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Educating the heart: The power of compassion

by admin October 7, 2009 0 comment

Educating the heart: The power of compassion

by Archives October 6, 2009 0 comment

The Dalai Lama sat in the lotus position on a couch, slowly cleaning his yellow-tinted glasses as members of the press looked on. Thirty minutes later, Tibet’s spiritual and political leader faced an audience of 15,000, sitting in the same position, as he spoke about compassion, religion and procrastination.
Proving that even he has faults, the Dalai Lama admitted that he sometimes procrastinates when translating ancient texts. He told the crowd he always says he will do it “tomorrow, tomorrow,tomorrow,” until the last minute.
Though he admits it’s a bad habit, he advised others, especially students, against procrastinating. Even if young adults do put off important work, the Dalai Lama said he remains hopeful about the future, praising today’s youth for protesting wars and standing up for peace. Actions like these demonstrate that people have compassion and an ability to forgive, he said, forecasting that this can be “the century of peace.”
Tenzin Lobsang Wangkhang, who has been accompanying the Dalai Lama on his tour, said the Dalai Lama was eager to have as many students as possible attend his event in order to teach them “about the powers of compassion.”
Compassion, the spiritual leader said, is what will help the world achieve a status of peace.
Alluding to religious conflicts in the world and possible solutions, the Dalai Lama disagreed with the notion of having one world religion. “I think one religion for six billion human beings is the same thing as six billion human beings eating only one dish,” he said, laughing along with his audience. “People will eventually get fed up.”
The Dalai Lama made a point, though, of saying he does not hold all the answers, and is not a god-like being, despite what some may think.
He backed up his assertion with a story about gall bladder surgery he had last year. His need for surgery, and the complications he suffered during the operation “scientifically proves the Dalai Lama has no healing power,” he joked.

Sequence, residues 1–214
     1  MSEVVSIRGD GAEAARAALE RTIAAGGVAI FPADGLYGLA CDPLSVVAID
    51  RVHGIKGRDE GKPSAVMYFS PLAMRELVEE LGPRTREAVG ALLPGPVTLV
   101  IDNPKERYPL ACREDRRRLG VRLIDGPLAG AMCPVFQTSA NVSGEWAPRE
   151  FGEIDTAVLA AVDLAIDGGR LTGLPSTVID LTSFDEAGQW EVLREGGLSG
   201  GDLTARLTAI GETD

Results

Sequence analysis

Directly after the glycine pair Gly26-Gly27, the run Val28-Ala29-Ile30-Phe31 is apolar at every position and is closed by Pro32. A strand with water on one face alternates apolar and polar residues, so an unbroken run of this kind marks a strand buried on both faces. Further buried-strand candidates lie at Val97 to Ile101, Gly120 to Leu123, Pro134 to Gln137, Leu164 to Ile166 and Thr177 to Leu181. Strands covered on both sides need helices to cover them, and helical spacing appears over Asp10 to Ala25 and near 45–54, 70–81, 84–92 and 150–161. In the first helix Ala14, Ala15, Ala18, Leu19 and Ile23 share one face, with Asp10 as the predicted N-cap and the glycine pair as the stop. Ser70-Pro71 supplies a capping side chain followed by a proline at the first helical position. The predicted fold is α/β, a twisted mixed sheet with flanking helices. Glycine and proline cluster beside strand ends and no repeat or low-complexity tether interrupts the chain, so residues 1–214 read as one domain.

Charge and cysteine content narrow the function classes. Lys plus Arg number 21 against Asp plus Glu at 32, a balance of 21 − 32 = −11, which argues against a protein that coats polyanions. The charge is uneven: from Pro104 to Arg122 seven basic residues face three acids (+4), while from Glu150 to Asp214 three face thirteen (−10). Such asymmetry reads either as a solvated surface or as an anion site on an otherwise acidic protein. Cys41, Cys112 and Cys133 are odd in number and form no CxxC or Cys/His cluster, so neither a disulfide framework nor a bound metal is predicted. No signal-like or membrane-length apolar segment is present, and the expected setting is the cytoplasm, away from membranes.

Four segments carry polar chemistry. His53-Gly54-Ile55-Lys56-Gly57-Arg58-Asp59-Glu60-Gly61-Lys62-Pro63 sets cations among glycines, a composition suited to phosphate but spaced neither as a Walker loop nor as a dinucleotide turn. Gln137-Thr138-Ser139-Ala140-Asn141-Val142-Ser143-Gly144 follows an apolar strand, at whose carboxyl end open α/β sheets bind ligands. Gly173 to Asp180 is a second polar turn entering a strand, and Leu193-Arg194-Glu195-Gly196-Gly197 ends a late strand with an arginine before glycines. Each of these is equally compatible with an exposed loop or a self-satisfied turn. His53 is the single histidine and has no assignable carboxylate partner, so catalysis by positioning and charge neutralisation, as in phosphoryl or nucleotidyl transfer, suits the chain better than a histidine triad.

He admitted he was able to heal quickly, but credited that to his mental compassion, saying too much anger, hatred, and fear eat away at the body. A more compassionate mind, he said, makes for a healthier body and immune system.

The Dalai Lama sat in the lotus position on a couch, slowly cleaning his yellow-tinted glasses as members of the press looked on. Thirty minutes later, Tibet’s spiritual and political leader faced an audience of 15,000, sitting in the same position, as he spoke about compassion, religion and procrastination.
Proving that even he has faults, the Dalai Lama admitted that he sometimes procrastinates when translating ancient texts. He told the crowd he always says he will do it “tomorrow, tomorrow,tomorrow,” until the last minute.
Though he admits it’s a bad habit, he advised others, especially students, against procrastinating. Even if young adults do put off important work, the Dalai Lama said he remains hopeful about the future, praising today’s youth for protesting wars and standing up for peace. Actions like these demonstrate that people have compassion and an ability to forgive, he said, forecasting that this can be “the century of peace.”
Tenzin Lobsang Wangkhang, who has been accompanying the Dalai Lama on his tour, said the Dalai Lama was eager to have as many students as possible attend his event in order to teach them “about the powers of compassion.”
Compassion, the spiritual leader said, is what will help the world achieve a status of peace.
Alluding to religious conflicts in the world and possible solutions, the Dalai Lama disagreed with the notion of having one world religion. “I think one religion for six billion human beings is the same thing as six billion human beings eating only one dish,” he said, laughing along with his audience. “People will eventually get fed up.”
The Dalai Lama made a point, though, of saying he does not hold all the answers, and is not a god-like being, despite what some may think.
He backed up his assertion with a story about gall bladder surgery he had last year. His need for surgery, and the complications he suffered during the operation “scientifically proves the Dalai Lama has no healing power,” he joked.
He admitted he was able to heal quickly, but credited that to his mental compassion, saying too much anger, hatred, and fear eat away at the body. A more compassionate mind, he said, makes for a healthier body and immune system.

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